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I created a JFrame with combo boxes and a button which will create a new thread and continue to do an action. I want a new JFrame to start with every new thread to output logs to the new JFrame. But even if I put the code related to the JFrame in the new thread and close that JFrame it ends the whole program instead of that running thread. What the best approach to making what I want possible? I simply want a new JFrame to open with each new thread started and when I close that JFrame it would end that thread.


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See also Multiple JFrames, Good/Bad Practice?. – trashgod Jun 9 '12 at 3:22
up vote 6 down vote accepted

By default, closing a JFrame will simply hide it (see the documentation for setDefaultCloseOperation()). If closing a window is exiting your application, this must be due to your own code. You're not, by chance, calling setDefaultCloseOperation(JFrame. EXIT_ON_CLOSE), are you?

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yes I have setDefaultCloseOperation(JFrame.EXIT_ON_CLOSE) I thought it would end the thread it runs in but it ended the whole program. – Arya Jun 9 '12 at 3:40
@Arya -- OK, well, don't do that! Instead, add a WindowListener to each JFrame, and in the windowClosing() method, stop the corresponding Thread. – Ernest Friedman-Hill Jun 9 '12 at 3:55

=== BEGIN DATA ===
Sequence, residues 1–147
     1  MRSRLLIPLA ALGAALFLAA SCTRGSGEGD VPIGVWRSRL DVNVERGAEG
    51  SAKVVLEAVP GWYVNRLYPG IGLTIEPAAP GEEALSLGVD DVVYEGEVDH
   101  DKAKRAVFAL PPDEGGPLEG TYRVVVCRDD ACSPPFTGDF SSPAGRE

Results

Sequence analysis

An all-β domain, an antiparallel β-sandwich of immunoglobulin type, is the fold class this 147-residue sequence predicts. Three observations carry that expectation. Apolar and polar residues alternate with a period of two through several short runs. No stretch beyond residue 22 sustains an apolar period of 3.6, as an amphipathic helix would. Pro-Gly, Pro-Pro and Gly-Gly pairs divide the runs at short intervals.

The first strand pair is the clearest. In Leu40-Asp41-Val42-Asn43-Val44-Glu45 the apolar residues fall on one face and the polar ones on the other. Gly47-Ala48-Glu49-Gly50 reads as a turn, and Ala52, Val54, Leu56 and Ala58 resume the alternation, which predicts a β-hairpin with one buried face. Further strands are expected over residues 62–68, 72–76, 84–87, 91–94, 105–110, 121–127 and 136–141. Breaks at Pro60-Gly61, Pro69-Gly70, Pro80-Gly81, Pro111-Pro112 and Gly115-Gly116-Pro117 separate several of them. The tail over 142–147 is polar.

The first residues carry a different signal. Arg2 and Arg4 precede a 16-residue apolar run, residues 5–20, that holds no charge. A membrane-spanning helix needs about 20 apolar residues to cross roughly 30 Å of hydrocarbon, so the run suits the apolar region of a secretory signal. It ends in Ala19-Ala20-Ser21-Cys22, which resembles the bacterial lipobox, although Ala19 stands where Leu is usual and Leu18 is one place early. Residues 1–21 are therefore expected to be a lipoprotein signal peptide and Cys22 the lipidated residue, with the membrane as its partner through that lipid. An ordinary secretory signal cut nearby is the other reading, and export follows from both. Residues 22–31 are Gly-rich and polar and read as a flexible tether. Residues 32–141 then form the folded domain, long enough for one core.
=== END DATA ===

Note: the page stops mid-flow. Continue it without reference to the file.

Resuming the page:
Here are some ideas:

  • Don't block the event dispatch thread; use SwingWorker instead, as shown here.

  • Don't use multiple frames; use panels in a container having a suitable layout.

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"Don't block the event dispatch thread" thats not just an idea, thats something that is mandatory for Swing to function properly :-). There is only one Thread (the EDT) which does the actual UI rendering (ie. painting in Swing) and event handling. Best case scenario is that the EDT delegates all non UI work to worker threads. The model (ie. backend) of your UI however can consist of thousands of separate threads all making updates and processing UI events and then scheduling the result to be rendered by the EDT via a SwingWorker. – Jasper Siepkes Jun 9 '12 at 13:12

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